Experts advise that you ignore offensive postings, comments, texts, calls, messages, and the like – in other words, don’t react. But, of course, this is difficult counsel to follow. Bullies are searching for a response, therefore telling the cyberbullied kid that they are winning by not reacting is helpful. And their internet tormentor is likely to just vanish.
Simultaneously, it’s a good idea to preserve copies of all of these emails, messages, postings, comments, and so on, in case further action is required. Keep the evidence safe. There is no evidence without it.
If a sexual image of a minor is sent, it must be removed otherwise the receiver may be charged with possessing child pornography. They must not transmit it to anybody else, since this may result in a distribution fee. It bears repeating: Remove any pornographic pictures of children from your computer and do not transmit them to anyone.
Cyberbullying and its effects: You may report bullying to the school, the social networking sites where it happened or started, and the ISP that provided your child’s or the tormentor’s email addresses. Include copies of the offending content in your report, with the exception of pornographic pictures of children, as stated above.
Threats of violence or death, stalking, or encouragement to self-harm or even suicide should all be reported to the authorities. Save copies of the incriminating information and submit them with your police complaint. Include everything, but keep your story to a minimum in order to be considered seriously.
Keep in mind that children connect with one another through technological gadgets. Taking away a victim’s capacity to connect with their friends because they are being bullied punishes them and may encourage them to keep silent while they are being tormented.
Assist your kid in staying away from being a cyberbully.
Cyberbullying and its effects: Teach netiquette, or recognized norms of online conduct, to youngsters as soon as they begin to interact online. Except that online conduct may be anonymous, they are similar to recognized norms of in-person behavior. It may be difficult to teach civility in the midst of what we frequently perceive as political uncivil conduct, but modeling the behavior you want to see in your children is, of course, the greatest teacher.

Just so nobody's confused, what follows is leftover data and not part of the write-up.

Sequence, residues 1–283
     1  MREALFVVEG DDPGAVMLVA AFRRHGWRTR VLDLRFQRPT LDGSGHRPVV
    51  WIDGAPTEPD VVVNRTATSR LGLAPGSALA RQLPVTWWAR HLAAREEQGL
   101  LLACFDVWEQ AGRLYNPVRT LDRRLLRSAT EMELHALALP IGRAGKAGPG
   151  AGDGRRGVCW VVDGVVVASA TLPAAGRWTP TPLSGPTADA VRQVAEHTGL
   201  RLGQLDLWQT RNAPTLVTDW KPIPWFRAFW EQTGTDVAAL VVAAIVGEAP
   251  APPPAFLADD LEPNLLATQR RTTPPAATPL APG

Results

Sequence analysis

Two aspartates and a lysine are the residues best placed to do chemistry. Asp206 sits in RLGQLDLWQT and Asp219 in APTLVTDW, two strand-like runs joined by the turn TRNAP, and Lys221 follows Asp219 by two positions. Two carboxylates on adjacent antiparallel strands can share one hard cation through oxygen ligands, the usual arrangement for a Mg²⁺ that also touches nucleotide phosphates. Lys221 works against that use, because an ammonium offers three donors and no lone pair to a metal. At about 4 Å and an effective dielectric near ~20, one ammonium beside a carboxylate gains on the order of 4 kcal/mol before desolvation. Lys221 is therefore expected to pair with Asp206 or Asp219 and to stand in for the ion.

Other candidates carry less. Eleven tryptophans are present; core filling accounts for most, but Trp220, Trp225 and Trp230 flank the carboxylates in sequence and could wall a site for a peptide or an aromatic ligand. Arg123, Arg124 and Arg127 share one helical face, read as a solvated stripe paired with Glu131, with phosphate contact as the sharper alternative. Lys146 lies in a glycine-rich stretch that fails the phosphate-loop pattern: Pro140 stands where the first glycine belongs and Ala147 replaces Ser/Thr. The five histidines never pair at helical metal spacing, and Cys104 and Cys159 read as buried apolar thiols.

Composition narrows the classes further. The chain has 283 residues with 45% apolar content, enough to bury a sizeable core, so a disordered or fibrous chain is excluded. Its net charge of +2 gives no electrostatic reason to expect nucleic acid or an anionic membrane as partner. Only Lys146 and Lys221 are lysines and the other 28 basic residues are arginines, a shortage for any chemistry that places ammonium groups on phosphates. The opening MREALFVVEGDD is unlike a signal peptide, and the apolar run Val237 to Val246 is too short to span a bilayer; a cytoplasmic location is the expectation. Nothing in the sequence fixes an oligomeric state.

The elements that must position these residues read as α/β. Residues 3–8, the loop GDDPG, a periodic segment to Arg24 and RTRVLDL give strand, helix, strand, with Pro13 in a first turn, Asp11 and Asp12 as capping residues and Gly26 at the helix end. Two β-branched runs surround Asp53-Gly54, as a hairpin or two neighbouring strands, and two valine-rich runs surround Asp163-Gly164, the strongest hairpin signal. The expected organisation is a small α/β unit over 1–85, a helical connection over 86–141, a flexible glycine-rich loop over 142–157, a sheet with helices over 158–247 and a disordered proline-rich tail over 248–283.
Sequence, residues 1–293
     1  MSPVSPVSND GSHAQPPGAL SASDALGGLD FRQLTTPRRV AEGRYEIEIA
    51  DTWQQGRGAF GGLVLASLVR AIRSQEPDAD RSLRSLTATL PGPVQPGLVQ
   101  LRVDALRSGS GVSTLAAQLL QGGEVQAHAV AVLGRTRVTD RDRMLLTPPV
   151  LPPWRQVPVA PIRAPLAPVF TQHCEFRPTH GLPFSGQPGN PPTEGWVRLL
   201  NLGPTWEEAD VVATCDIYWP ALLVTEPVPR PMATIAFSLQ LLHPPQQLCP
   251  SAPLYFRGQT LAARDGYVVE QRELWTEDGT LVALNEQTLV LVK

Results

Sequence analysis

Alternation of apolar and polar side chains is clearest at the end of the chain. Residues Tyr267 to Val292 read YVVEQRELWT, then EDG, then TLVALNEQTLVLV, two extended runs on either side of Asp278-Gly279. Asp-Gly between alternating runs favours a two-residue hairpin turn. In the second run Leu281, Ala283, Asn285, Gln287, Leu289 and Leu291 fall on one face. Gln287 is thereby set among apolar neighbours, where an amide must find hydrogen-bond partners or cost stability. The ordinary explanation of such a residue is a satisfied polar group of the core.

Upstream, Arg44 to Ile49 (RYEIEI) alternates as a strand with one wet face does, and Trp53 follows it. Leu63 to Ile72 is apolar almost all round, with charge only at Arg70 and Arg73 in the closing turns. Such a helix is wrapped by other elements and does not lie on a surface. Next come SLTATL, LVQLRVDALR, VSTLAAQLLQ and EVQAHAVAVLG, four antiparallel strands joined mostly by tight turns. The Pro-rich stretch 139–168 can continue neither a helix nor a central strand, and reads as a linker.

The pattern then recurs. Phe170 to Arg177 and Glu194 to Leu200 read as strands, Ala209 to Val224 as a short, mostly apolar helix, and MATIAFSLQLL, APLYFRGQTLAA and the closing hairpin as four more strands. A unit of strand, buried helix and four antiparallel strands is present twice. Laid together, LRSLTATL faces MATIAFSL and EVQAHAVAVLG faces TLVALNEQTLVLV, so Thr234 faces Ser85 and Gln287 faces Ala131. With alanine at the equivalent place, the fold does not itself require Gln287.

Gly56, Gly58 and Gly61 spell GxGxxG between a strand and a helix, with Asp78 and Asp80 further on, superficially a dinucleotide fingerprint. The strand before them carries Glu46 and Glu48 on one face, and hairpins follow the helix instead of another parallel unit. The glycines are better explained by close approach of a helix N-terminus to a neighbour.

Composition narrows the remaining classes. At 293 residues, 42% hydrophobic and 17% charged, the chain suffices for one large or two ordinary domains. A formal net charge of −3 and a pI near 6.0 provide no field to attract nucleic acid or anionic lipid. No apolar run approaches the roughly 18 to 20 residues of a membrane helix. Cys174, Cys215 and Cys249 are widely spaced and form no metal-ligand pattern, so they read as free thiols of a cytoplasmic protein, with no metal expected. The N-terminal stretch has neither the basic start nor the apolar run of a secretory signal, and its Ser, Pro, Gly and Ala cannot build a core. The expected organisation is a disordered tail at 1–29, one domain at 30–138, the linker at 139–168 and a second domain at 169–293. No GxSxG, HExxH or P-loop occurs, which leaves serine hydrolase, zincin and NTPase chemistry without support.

The Basics of Netiquette
- Make an effort to avoid hurting people’s emotions.
- Respect the rights of others.
- Don’t write anything you wouldn’t say out loud.
- Be cool if someone insults you.
- They’re just looking for a response, and if you refuse to engage the insulter, you’ll win.
- Respect the privacy of others and use polite language, which does not include using ALL CAPS.
- This may be intended for older users, but double-check your facts before publishing. It’s simple to do, and it dispels damaging rumors.
While cyberbullying is a plague, its consequences, and even its inception may be minimized by listening to your children, modeling civil conduct, and discussing netiquette and expectations with them early on. We can become engaged in supporting legislation and school rules intended to deter perpetrators, and we can make sure to publicize resources like hotlines run by wonderful individuals who are ready to help those who have been abused.